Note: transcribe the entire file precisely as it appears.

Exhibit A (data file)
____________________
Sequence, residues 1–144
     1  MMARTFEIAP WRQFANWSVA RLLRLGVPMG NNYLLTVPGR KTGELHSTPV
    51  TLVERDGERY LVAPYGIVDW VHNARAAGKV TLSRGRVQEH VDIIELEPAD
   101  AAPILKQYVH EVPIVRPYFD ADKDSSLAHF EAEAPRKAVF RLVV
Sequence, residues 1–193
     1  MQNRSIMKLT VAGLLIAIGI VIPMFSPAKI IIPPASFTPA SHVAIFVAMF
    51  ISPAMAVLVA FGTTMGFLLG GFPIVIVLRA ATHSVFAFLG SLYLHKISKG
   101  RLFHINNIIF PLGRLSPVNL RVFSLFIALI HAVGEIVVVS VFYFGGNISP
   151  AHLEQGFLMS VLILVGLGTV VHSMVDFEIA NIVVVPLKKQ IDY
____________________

Sequence, residues 1–144
     1  MMARTFEIAP WRQFANWSVA RLLRLGVPMG NNYLLTVPGR KTGELHSTPV
    51  TLVERDGERY LVAPYGIVDW VHNARAAGKV TLSRGRVQEH VDIIELEPAD
   101  AAPILKQYVH EVPIVRPYFD ADKDSSLAHF EAEAPRKAVF RLVV
Sequence, residues 1–193
     1  MQNRSIMKLT VAGLLIAIGI VIPMFSPAKI IIPPASFTPA SHVAIFVAMF
    51  ISPAMAVLVA FGTTMGFLLG GFPIVIVLRA ATHSVFAFLG SLYLHKISKG
   101  RLFHINNIIF PLGRLSPVNL RVFSLFIALI HAVGEIVVVS VFYFGGNISP
   151  AHLEQGFLMS VLILVGLGTV VHSMVDFEIA NIVVVPLKKQ IDY